Foresight Nanotech Institute Public Policy
Foresight Institute focuses its public policy activities on maximizing the benefits and minimizing the downsides of nanotechnology. Our policy efforts involve many policy areas: from setting an appropriate level of safety research funding, to exploring how to increase access to nanotechnologies; from helping promote specific technical breakthroughs, to reviewing how publicly funded nanotech patents can be better administered for greatest societal benefit.
As the largest civil society organization focused specifically on nanotechnology issues, Foresight Institute uses a variety of processes to develop and deliver policy education and recommendations. These include commissioning policy studies, speaking on policy topics for diverse audiences, testifying for government committees, briefing the press on policy matters, conducting surveys, and discussing policy issues in open online public discussions.
Individuals and organizations are invited to participate in Foresight policy activities. We encourage your suggestions for policy study topics, critiques of our positions on the issues, and comments on our weblog.
We are particularly interested in cooperating with other organizations in policy studies on how nanotechnologies will affect their areas of concern, from medicine, to the environment, the developing world, and other areas that will experience a strong impact from nanotech. Individuals are invited to join as Foresight members, and corporations can participate through corporate membership, conference sponsorship, or underwriting policy studies of mutual interest. Foundations and other organizations with an interest in our work should speak with Christine Peterson, Foresight's President.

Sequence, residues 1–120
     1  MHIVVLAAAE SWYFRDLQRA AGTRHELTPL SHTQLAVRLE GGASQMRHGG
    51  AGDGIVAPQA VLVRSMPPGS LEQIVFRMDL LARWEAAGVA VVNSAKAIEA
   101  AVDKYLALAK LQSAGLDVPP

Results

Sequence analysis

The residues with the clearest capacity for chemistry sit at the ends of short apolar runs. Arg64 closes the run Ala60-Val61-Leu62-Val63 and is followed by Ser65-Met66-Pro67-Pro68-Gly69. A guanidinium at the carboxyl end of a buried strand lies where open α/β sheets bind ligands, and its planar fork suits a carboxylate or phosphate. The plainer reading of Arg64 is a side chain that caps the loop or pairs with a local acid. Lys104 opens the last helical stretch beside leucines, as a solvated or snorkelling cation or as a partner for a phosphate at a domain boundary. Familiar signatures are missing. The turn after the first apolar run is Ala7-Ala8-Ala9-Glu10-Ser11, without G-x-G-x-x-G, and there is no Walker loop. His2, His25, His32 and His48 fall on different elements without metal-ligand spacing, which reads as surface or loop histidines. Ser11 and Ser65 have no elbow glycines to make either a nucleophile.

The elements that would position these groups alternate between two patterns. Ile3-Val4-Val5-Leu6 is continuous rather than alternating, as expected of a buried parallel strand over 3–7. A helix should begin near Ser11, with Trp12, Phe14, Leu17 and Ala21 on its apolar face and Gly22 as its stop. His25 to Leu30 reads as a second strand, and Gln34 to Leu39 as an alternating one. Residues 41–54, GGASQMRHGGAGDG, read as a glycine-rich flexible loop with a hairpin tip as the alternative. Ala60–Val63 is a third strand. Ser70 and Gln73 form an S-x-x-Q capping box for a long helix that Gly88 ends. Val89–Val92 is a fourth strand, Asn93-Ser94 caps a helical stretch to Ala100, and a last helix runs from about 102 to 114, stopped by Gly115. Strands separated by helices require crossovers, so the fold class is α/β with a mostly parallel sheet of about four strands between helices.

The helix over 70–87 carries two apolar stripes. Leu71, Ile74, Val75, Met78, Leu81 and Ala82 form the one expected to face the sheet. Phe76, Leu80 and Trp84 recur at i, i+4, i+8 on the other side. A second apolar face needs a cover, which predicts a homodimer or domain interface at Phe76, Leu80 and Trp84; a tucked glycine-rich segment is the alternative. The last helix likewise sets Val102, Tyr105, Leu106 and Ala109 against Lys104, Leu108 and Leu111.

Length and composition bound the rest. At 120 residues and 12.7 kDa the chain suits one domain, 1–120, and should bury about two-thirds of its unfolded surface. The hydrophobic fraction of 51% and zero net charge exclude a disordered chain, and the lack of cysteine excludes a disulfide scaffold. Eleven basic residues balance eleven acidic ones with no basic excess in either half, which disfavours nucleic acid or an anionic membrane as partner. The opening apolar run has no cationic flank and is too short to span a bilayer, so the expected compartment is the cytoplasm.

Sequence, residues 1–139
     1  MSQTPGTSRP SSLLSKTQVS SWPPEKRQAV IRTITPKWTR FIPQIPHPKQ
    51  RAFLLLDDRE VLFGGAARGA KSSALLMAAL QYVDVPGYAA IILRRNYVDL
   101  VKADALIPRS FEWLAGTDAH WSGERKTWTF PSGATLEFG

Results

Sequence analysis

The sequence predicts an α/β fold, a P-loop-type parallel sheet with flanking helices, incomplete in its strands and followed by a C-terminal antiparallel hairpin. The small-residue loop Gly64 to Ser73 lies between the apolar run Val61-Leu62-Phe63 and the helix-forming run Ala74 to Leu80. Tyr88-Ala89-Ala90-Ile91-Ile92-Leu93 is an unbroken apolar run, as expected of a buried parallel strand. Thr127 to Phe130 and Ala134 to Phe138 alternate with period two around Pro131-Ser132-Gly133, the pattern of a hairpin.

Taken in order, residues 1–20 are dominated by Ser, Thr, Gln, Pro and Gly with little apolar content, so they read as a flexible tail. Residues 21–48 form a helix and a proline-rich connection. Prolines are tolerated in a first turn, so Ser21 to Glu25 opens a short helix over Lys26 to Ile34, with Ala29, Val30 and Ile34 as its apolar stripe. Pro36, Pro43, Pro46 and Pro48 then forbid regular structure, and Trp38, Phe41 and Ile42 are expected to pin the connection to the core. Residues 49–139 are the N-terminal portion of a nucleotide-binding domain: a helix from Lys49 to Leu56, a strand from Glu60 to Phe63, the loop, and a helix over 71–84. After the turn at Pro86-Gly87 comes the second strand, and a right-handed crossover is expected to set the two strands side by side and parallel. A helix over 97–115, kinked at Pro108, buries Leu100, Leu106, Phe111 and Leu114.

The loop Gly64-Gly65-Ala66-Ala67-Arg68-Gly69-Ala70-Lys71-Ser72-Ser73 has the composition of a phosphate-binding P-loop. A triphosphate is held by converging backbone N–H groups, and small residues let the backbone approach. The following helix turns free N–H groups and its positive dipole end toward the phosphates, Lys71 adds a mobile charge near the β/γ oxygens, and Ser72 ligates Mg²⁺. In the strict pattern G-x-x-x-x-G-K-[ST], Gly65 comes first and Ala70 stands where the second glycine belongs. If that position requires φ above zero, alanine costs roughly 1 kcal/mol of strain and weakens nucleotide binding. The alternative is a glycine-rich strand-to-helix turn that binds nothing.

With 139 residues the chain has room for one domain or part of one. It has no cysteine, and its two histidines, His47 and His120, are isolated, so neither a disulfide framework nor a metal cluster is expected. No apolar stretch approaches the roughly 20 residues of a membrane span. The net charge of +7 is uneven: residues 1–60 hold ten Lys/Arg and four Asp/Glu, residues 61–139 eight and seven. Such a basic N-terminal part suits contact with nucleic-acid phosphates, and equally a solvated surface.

Policy White Papers
Sample work on public policy issues by Foresight directors, staff, and associates:
ICON Environmental, Health, and Safety Practices Survey, summer 2006
"The University of California, Santa Barbara has contracted with the International Council on Nanotechnology (ICON) to design and administer a survey examining the environmental, health, and safety practices of companies working with nanomaterials. This survey will be implemented internationally during the summer of 2006. Current practices for managing nanomaterial risks will be discovered through this survey. The results will be aggregated according to nanotechnology industry; ICON will then publicly disseminate the aggregated results. …"
Invitation For Interview, PDF file, 124 KB
As advancing technology enables more thorough and less expensive surveillance, what issues are worth exploring to ensure that these capabilities are deployed for beneficial purposes.
Huge economic, environmental, health, and security benefits are expected from the coming nanotechnology-enabled Sensor Age—if these devices are accepted by the public. Is there an open-source solution to the looming conflict between those using sensors to collect data and those whose data is being collected?
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